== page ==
Don’t put your house on the line without thinking about the downsides.
- Home equity loans offer affordable interest rates.
- They are commonly used to consolidate debt.
- When you use one, you are putting your home at risk.
When you consolidate debt, you are paying off several existing debts with the new loan you have taken out. Home equity loans are one of many types of loans that can be used to consolidate debt.
There’s a reason home equity loans are popular for debt consolidation. Like first mortgages and other loans secured by your home, they tend to have low interest rates, especially compared to other types of debt such as credit cards. But, before you decide to take this approach, you need to consider one major downside.
One of the main reasons why you may not want to use a home equity loan for debt consolidation
The main reason you might want to think twice before using a home equity loan for debt consolidation is that it would require you to convert unsecured debt into secured debt.
What is the difference between secured and unsecured debt, and why is it important?
When you have secured debt, it means there is collateral securing the loan. In the case of a home equity loan, your home is that collateral. Because the house secures the loan, the lender has a lien on the house that gives them legal ownership.
In the event that you do not repay your home equity loan, the lender can easily seize the property. In other words, there is a good chance that failure to repay the amount you owe will result in the loss of your home.
In most cases, the debt you end up repaying with your home equity loan will not be secured debt. Indeed, many people use a home equity loan to consolidate credit card debt, personal loan debt, payday loan debt, and medical loan debt. None of these types of debt are associated with guarantees.
Since these debts are unsecured, there is almost no chance that you will lose your home to them. While it is possible for lenders to continue their collection efforts and go to court against you to obtain a judgment that results in a lien being placed on your assets, they are less likely to do so. And, even if they did, it usually wouldn’t lead to foreclosure on your home.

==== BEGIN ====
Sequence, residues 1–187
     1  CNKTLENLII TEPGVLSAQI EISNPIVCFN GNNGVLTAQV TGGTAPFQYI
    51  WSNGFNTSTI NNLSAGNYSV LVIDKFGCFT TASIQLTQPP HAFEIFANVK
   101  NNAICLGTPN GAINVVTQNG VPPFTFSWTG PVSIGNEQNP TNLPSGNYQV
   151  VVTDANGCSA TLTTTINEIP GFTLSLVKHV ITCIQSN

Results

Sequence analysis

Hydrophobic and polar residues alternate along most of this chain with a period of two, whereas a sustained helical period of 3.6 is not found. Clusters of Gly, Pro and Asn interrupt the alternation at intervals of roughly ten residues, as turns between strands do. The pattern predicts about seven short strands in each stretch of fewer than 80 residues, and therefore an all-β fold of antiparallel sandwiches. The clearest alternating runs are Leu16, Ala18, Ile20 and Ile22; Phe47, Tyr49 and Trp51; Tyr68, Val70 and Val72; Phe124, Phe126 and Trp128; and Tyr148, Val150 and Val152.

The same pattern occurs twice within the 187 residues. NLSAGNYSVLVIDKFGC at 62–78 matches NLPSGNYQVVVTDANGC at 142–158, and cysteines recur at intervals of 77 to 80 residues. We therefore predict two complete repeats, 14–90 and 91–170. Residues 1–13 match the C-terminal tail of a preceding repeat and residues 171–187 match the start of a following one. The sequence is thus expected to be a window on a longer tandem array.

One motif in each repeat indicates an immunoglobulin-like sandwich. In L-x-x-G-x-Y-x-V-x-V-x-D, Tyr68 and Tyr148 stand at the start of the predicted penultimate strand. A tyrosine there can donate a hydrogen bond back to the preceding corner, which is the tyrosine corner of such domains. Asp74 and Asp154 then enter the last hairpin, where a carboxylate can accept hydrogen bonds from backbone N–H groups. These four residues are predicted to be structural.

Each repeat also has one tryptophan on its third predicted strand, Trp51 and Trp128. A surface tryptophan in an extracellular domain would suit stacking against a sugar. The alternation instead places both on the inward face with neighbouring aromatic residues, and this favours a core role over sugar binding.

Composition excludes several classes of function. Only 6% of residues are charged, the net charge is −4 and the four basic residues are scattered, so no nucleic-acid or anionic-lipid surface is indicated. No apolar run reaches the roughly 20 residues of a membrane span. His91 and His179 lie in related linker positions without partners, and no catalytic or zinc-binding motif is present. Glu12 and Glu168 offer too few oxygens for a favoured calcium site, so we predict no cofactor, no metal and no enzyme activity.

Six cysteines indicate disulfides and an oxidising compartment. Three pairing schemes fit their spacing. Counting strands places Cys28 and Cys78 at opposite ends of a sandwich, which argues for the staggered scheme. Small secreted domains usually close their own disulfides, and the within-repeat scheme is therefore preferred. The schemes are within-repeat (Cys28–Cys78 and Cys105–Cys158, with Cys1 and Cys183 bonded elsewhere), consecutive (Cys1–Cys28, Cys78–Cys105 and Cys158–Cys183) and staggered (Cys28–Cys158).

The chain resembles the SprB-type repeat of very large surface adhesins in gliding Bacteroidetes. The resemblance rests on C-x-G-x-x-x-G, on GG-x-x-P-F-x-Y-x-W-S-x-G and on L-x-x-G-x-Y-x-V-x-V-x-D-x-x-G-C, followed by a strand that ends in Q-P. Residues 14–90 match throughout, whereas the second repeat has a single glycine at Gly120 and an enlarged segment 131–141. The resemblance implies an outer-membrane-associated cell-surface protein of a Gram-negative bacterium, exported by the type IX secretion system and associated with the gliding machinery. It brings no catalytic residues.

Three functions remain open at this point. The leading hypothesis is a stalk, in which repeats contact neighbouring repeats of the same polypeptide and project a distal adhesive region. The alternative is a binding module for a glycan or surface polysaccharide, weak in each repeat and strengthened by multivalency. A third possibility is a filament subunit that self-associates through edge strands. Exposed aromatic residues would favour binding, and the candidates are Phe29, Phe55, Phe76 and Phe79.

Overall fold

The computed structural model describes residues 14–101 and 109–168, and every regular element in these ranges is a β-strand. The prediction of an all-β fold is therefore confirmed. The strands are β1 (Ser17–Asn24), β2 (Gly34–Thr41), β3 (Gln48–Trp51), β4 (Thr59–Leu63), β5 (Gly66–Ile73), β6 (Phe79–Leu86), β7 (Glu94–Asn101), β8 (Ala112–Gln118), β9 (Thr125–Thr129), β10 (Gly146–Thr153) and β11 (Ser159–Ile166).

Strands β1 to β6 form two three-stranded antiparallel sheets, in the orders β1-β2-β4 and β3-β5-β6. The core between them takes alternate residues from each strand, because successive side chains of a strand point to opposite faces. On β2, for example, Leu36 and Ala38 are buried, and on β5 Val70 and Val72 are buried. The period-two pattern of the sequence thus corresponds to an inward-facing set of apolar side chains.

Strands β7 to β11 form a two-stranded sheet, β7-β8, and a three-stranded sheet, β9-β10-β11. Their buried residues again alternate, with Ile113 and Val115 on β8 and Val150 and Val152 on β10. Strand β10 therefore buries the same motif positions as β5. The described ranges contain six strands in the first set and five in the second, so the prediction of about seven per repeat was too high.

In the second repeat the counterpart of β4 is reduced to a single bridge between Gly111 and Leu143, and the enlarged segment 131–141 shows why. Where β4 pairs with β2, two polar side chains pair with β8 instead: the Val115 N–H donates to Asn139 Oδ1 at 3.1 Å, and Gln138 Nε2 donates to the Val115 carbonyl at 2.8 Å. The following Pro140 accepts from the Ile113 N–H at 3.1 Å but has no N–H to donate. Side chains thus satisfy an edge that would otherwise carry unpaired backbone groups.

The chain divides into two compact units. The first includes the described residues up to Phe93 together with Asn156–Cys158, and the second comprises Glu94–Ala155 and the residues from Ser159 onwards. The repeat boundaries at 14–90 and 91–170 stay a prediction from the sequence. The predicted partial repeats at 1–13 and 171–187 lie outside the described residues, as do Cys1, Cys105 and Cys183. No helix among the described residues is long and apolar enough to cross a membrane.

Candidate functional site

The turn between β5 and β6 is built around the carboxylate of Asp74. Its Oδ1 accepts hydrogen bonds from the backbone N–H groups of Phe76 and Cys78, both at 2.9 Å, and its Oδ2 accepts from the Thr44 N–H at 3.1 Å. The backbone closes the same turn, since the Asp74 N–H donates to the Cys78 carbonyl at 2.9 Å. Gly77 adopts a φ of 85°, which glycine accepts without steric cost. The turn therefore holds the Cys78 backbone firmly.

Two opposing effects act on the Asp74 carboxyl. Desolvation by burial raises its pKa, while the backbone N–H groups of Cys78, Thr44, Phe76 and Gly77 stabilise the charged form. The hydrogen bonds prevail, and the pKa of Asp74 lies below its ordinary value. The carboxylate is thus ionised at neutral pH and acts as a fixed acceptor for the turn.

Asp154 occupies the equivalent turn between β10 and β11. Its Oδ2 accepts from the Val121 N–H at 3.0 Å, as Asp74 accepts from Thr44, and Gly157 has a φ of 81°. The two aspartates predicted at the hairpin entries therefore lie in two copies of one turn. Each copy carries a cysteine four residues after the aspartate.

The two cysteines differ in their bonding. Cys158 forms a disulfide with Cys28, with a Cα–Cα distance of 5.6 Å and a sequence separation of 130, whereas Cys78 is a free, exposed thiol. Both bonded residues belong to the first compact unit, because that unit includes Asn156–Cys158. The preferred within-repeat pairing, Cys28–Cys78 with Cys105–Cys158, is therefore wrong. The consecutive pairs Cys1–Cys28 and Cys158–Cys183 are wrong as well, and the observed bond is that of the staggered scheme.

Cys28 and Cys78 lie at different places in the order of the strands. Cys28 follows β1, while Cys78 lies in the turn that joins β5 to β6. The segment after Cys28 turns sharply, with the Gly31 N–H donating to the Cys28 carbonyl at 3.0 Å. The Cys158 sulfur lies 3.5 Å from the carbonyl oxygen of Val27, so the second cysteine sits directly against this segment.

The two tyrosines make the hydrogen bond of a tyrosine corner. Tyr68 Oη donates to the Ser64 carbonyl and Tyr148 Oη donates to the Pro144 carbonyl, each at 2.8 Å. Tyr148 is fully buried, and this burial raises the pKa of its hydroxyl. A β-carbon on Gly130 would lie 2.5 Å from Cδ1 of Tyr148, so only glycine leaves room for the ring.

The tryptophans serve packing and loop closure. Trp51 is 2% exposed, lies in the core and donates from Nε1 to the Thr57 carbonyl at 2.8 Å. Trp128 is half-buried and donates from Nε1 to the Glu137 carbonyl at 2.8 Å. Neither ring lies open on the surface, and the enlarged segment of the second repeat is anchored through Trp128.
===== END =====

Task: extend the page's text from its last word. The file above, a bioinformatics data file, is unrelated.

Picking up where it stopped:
Converting unsecured debt to secured debt is also a big deal for another reason. Secured debt generally cannot be settled or discharged in bankruptcy without losing the asset. But if you’re really overwhelmed with your other debts, you can often reach a settlement with creditors to accept less than full payment or have the debt forgiven through bankruptcy proceedings. While both of these things can hurt your credit, they wouldn’t result in the loss of your home in most cases.
Do not put your home at risk without careful consideration
Before deciding to convert unsecured debt to secured debt, you should carefully consider the possibility that you may become unable to repay the home equity loan you are taking out.
If there’s even a small possibility that you’ll have difficulty making the payments in full, you probably don’t want to go ahead and put your home at potential risk.
A Historic Opportunity to Save Potentially Thousands of Dollars on Your Mortgage
Chances are interest rates won’t stay at multi-decade lows much longer. That’s why it’s crucial to act today, whether you want to refinance and lower your mortgage payments or are ready to pull the trigger on buying a new home.
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